Until I Discovered Running Almost Pushed Me Over The Edge
I’ll be the first to admit running hasn’t always been my favourite activity but I’ve come to realise over time how it can become a natural part of your fitness routine. And in this post, I’ll be sharing my journey into running and why you might also want to think about adding a regular running or jogging activity into your weekly schedule.
For one thing, it’s the perfect hobby for anyone new to fitness, you can start and progress at all levels.
There are many examples of athletes and runners who only decided to take up the activity later in adulthood.
This was certainly the case for me.
It’s pretty hard to forget those cold, wet cross-country runs forced upon us as we entered high school. I remember my biggest achievement was discovering a shortcut through the hedges and coming into 9th position instead of last place (well, I probably shouldn’t share that with you but it’s true), thing was I was so blind as a kid with glasses and absolutely not the fastest, I had ZERO fitness levels back then!!!
Well yeah, there was the cross-country and pretty much all of athletics but most of all rugby that I completely sucked at in school. Back then I hated sports but more than that, I just started to hate that I was actually bad at something.
I couldn’t understand why I wasn’t as fit or as strong as anyone else in my class.
It reached the point in 3rd year where I finally decided to turn things around when I’d become so tired of being thrown around on the rugby pitch that I decided to switch and give hockey a try instead.
It definitely took a bit of getting used to the hand-eye coordination, especially with my blurred vision but to this day, I’m still not entirely sure why but I persevered. To my surprise, I started to notice a change in my fitness levels, I started to get stronger and I started to enjoy being able to hit a ball at speed across a hocket pitch. The competitive streak had won me over again and I become hooked!
If you’ve ever watched a hockey match, you’ll soon realise that you’re pretty much moving for 95% of the match, often sprinting to catch the ball ahead of your opponent. No surprise then that a lot of our fitness training focused on speed, power and endurance with shuttle runs a frequent feature in our circuits.
I’d definitely caught the running bug again!
Ok, so that was high school. My fitness training continued when I started university but now my focus had switched back to swimming, my more natural sport. Again, probably no surprise to find my times and power in the pool had remained consistent or improved since school with the added fitness training and I was geneuinely starting to enjoy fitness, something just a few years earlier I had loathed.
But then things took a massive dip when I left uni and started life in the real world.
My software degree led me to take a ‘regular’ office job so most of my time was spent at my desk.
It was crazy really how soon my energy levels took a hit and I noticed myself binging on crisps, chocolate and whatever I could find when I was at my desk.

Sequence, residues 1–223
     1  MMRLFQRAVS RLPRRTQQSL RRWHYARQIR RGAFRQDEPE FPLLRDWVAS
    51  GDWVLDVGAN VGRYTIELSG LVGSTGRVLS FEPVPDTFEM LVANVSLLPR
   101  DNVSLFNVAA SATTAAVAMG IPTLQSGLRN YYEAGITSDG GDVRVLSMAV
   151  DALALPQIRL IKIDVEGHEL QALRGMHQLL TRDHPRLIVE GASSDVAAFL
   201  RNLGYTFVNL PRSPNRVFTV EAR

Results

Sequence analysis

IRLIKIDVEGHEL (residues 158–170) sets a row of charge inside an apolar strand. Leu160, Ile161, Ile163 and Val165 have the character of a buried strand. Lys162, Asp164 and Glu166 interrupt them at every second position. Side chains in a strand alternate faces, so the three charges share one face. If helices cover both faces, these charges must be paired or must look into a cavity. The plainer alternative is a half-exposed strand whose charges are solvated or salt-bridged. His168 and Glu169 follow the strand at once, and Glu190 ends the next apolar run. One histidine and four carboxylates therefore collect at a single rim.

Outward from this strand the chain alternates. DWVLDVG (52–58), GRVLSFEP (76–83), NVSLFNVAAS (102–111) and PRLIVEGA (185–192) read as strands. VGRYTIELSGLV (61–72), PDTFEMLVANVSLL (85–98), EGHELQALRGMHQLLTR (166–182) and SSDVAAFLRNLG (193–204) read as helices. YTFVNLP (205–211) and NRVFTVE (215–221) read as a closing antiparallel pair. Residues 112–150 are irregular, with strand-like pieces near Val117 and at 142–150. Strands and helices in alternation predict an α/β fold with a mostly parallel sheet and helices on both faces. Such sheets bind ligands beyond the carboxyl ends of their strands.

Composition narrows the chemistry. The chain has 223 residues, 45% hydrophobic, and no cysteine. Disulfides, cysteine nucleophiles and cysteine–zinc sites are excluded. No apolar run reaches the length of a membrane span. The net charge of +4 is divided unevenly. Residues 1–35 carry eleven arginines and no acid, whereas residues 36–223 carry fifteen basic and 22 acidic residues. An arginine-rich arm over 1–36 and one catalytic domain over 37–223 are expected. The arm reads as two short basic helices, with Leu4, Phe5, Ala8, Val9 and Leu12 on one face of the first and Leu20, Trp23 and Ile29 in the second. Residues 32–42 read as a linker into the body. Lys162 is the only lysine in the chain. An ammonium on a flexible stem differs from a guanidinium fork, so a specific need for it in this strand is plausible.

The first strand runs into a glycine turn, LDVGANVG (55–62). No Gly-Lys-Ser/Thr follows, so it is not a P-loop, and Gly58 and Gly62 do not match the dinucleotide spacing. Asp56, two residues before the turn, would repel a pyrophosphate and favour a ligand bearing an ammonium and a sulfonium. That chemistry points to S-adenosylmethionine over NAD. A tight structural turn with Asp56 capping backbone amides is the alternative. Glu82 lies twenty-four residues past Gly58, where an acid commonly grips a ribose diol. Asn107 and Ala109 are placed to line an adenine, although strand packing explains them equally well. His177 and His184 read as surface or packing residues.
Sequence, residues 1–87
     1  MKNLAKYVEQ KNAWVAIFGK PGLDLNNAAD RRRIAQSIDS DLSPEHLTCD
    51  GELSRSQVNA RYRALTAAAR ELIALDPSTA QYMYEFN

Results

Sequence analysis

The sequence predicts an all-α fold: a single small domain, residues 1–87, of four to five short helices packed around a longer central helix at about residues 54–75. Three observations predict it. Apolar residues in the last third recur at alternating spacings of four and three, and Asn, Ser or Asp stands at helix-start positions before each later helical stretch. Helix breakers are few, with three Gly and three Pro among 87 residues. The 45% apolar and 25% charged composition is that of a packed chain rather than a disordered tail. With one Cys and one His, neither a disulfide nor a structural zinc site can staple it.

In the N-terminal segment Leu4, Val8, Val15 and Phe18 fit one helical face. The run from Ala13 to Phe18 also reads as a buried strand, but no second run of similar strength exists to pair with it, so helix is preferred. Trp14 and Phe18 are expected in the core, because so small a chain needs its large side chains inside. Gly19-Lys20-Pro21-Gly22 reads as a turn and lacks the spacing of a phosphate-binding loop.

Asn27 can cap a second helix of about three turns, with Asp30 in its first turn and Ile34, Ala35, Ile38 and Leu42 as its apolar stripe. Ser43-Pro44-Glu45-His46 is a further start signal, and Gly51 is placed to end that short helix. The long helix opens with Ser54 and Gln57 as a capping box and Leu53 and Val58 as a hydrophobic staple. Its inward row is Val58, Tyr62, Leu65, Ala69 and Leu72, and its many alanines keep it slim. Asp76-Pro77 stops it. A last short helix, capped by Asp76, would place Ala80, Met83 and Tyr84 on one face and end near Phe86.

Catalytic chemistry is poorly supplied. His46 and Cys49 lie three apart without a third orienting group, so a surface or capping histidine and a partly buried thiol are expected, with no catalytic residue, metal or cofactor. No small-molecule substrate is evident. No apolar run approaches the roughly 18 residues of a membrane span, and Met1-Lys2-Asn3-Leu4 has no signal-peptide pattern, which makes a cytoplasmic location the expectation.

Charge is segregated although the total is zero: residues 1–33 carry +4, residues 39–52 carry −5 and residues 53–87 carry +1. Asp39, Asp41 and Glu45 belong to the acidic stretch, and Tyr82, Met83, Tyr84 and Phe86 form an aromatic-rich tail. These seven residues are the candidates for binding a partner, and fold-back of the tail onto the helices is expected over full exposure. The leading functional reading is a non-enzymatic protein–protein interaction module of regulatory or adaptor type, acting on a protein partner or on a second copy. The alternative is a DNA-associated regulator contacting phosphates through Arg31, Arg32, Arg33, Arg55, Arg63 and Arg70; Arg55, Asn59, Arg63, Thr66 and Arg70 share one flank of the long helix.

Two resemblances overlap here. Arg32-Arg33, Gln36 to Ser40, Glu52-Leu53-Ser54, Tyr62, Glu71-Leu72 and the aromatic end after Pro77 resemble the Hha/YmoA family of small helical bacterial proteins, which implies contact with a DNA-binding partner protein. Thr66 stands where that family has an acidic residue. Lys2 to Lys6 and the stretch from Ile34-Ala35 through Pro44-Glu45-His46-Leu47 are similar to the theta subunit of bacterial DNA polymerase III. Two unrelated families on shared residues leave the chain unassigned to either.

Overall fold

I was definitely losing the prime levels of fitness and health I had developed through my previous training.
And well, long story short, it reached the point where I decided I’d had enough living my days at a desk and watching the weight start to climb. I spent the best part of 5 years studying part-time to enhance my knowledge of Human Biology, Anatomy, Physiology and Nutrition to become a certified Personal Trainer. This then progressed to becoming a Sports Therapist as I once again became hooked on gaining the knowledge of how amazing the human body is.
“Running saved me, but being a runner could have just as easily pushed me over the edge”
Alright so back to running, the main reason for writing this post was in response to a video I watched at the weekend so I am sharing it here for you to watch too…
It made me realise that I had found myself getting back into running just after I lost my dad to cancer almost 7 years ago. I suppose without realising it, this had become my coping mechanism and it became a natural impulse, pulling on my trainers whenever the streets beckoned, giving me so much strength to get through the emotional pain and remain focused.
But fair to say I had unknowingly become addicted to this new found part of me, not truly knowing how to deal with it but just knowing I had to keep my body moving.
I started entering races, something I’d never even considered before, starting with 5k fun runs and building up to 10k races, joining for the chance to be around others and challenge myself to get into my zone, push that bit harder and take a few more seconds off my time.
It was never about winning, only about the chance to better myself and maybe just maybe I guess I felt like I was carrying my dad on my shoulder and he was following me on my journey. Like Mark discussed in the video, I had started to build up an identity of being a runner but now I’d say it’s easier to be someone that just runs.
And so, watching this video brought up a whole series of emotions.
Like Mark, I learned that running saved me, but being a runner could have just as easily pushed me over the edge. I worry that I too have become an addict, do you resonate with any of the ideas discussed in this post or have concerns about any friends who may be going through something similar?
Share your thoughts in the comments below or feel free to send me a message if you have been affected by any of the challenges raised in this post.